The following interview was held between Wojciech “Sethariel” Żółtański (earthdawn.pl) and Delano Lopez – author of “Kratas: City of Thieves”, an Earthdawn sourcebook.
Can you tell us something about your personal experience with Earthdawn. When was the first time you came upon Earthdawn?
I was already playing Shadowrun when Earthdawn first came out in 1993, so I was there at day one. Younger readers may not know that Earthdawn began as a prequel, or spin off of Shadowrun, when both were produced by FASA. Even though I had played many different role playing games, and would continue to play others, Earthdawn quickly became my favorite. I bought every FASA Earthdawn book, (I didn't manage to get all the miniatures, though). The combination of high fantasy, the rebuilding of a post-apocalyptic world, deep history, and Lovecraftian horror, really attracted me to the game. I respected the way that everything in the game world was well thought out - like having a good reason for “dungeons” i.e. kaers - to exist.
From what perspective have you been discovering the world of Earthdawn, more from the perspective of a gamemaster or a player?
In Earthdawn, and in roleplaying games in general, I usually am the gamemaster. This makes sense of course, for a project like Kratas, because, as I would when gamemastering, I had to make up many characters. locations, and obstacles for the players to encounter.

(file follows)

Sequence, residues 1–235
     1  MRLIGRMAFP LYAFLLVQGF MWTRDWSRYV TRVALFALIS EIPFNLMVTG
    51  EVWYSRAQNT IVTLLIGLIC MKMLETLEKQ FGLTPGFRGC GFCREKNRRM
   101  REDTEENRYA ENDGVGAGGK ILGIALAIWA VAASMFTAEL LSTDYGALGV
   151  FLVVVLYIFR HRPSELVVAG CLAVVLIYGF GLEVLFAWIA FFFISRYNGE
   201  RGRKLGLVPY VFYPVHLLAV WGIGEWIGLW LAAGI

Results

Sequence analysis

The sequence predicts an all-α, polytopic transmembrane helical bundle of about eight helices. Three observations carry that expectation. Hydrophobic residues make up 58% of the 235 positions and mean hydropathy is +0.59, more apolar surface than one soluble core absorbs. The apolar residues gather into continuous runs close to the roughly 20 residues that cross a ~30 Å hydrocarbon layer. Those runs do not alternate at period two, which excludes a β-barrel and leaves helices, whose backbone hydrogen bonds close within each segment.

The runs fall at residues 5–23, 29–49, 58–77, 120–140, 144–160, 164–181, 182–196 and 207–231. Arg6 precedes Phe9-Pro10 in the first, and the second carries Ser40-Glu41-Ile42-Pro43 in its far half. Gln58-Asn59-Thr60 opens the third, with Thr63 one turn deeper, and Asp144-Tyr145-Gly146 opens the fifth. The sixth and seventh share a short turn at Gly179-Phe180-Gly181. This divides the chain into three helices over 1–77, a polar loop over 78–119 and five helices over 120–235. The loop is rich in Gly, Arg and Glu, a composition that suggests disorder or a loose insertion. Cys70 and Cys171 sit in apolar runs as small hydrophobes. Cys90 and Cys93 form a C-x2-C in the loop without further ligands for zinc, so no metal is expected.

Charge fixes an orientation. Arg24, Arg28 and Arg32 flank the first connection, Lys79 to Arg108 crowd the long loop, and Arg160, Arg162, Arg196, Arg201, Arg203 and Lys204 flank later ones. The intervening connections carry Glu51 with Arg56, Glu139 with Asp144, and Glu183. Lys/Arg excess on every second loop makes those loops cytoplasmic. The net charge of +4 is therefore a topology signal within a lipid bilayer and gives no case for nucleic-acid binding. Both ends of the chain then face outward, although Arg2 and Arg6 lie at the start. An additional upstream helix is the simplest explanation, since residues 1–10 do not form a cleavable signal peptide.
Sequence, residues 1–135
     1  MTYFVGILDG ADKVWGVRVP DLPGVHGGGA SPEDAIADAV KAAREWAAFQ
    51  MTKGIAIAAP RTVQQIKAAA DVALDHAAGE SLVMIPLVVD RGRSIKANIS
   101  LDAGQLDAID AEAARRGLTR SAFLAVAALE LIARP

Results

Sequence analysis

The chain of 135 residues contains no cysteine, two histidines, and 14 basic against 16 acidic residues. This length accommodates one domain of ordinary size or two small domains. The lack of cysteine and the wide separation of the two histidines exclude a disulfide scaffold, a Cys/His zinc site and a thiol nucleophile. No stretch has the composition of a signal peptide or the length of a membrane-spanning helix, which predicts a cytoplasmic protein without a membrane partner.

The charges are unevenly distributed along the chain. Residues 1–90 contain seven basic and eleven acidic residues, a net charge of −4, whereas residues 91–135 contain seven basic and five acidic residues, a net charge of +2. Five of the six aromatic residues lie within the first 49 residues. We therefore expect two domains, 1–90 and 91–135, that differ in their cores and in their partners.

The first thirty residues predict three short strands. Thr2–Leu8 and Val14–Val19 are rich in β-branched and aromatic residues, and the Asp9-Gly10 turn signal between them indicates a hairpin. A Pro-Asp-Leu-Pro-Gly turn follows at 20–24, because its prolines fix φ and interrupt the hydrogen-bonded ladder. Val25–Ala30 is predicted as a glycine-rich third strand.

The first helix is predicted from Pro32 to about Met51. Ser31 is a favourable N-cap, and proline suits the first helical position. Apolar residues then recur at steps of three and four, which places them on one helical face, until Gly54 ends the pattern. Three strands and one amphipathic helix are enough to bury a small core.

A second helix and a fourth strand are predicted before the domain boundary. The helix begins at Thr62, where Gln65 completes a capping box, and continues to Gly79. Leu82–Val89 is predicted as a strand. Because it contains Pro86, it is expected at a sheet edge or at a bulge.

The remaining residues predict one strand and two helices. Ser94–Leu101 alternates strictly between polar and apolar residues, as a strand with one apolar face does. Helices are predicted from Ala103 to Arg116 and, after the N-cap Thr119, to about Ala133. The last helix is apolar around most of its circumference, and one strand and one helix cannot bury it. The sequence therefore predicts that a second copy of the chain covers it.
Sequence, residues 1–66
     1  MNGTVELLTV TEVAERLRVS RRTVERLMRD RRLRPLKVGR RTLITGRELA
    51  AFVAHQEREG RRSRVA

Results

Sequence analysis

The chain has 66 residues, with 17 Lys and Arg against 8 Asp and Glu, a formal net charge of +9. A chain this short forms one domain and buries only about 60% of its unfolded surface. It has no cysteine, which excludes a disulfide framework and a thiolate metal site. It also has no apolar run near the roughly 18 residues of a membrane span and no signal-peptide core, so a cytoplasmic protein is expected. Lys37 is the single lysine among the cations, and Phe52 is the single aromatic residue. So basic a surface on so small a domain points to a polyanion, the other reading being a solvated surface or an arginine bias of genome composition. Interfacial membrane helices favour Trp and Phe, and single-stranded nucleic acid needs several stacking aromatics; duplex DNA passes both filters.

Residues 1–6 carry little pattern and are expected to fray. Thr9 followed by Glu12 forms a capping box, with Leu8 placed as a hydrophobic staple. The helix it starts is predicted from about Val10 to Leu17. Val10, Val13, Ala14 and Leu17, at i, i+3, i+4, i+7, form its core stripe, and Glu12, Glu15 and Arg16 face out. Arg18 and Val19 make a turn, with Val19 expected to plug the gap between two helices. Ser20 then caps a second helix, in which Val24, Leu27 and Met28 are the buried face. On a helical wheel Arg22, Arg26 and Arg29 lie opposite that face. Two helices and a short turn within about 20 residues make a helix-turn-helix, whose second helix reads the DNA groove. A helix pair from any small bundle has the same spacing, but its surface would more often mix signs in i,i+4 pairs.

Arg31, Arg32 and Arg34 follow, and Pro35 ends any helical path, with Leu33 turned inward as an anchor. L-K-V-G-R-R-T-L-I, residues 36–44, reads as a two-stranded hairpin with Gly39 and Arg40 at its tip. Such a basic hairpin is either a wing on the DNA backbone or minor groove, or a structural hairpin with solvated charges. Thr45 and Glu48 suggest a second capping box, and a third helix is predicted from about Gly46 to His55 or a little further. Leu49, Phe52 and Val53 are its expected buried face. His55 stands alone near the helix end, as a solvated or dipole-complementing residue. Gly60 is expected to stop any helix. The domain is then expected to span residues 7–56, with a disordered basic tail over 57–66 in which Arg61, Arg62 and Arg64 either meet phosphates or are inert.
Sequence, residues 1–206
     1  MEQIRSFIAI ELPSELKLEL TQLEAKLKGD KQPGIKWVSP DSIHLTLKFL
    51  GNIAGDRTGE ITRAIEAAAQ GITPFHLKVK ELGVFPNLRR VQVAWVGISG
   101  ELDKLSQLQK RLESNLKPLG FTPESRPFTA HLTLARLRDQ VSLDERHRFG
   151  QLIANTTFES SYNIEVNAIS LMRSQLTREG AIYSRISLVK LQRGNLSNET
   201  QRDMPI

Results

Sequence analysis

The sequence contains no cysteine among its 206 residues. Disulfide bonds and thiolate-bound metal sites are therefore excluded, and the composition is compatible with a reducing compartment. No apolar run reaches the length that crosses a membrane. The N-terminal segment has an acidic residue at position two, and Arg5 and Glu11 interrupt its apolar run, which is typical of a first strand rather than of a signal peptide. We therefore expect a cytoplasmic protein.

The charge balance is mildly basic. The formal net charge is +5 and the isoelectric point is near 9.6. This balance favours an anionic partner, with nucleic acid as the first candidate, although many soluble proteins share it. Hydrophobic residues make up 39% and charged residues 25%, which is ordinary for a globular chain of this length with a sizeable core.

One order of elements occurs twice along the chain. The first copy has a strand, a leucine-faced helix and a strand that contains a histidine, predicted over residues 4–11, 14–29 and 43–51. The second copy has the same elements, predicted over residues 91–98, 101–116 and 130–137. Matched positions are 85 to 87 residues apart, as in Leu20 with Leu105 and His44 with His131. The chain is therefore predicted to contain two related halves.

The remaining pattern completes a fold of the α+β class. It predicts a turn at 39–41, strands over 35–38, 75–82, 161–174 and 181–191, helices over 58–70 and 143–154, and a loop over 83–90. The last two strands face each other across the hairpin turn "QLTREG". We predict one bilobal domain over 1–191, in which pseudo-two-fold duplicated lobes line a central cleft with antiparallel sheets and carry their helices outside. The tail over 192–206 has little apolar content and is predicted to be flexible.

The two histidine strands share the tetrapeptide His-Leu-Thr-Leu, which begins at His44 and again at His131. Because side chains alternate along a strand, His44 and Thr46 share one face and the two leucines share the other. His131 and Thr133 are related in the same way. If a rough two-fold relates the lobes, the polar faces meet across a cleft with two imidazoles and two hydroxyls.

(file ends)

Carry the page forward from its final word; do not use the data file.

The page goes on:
What kind of gamemaster are you? Do you think it could have got any influence on Kratas sourcebook?
Well, there are two main roles a gamemaster must play - storyteller, who sets up the action with character, setting, and conflict, and referee, who controls the action during combat. Both are crucial but I am more skilled at the former than the latter. Thankfully for a sourcebook like this, I'm mostly doing the former, and there are folks on the edit team more proficient with game mechanics. They spent a lot of time tweaking game stats, like the new talent knacks.
How did it happen that you started writing Kratas sourcebook for RedBrick? Had you worked on anything similar before?
I had written a few non-roleplaying articles that had been published, and I had written a number of Earthdawn things - magic items, new disciplines, stories, etc. - that had been published on fan sites - the great old Strands website, Sako Eaton's Bantero Soulforge site, the Earthdawn Publishing Trust's Book of Tomorrow. I had actually written the proposal and outline for the Kratas Sourcebook and sent it off to FASA shortly before they stopped publishing Earthdawn. Once Redbrick got the rights, I dusted off the old proposal and sent it to them. Redbrick liked it and gave me the go ahead.
How long did it take you to complete "Kratas: City of Thieves”?
It took me about two years working in my spare time to write the first draft of about 250,000 words - though that amount includes the three Kratas Shards that are forthcoming, as well as other things that did not make the final edit. It then took another year or so for us - the Redbrick team - to complete the rigorous editing process. It was a team effort, of course.
What was the most difficult part of the work?
One of the hardest parts is actually coming up with new names - it's important not to get in a rut and make enough variety so that the names are consistent with the established game world, yet are distinctive enough to give each character his own identity.
In-game continuity is also very important to me, so I spent a lot of time going through all the published Earthdawn works to make sure I would not contradict or ignore anything already published about the city. I put together a big file of every mention of Kratas, Garlthik or Vistrosh in any of the FASA books or novels- in the process discovering a few continuity errors that I had to reconcile.
What was the most enjoyable or easiest part?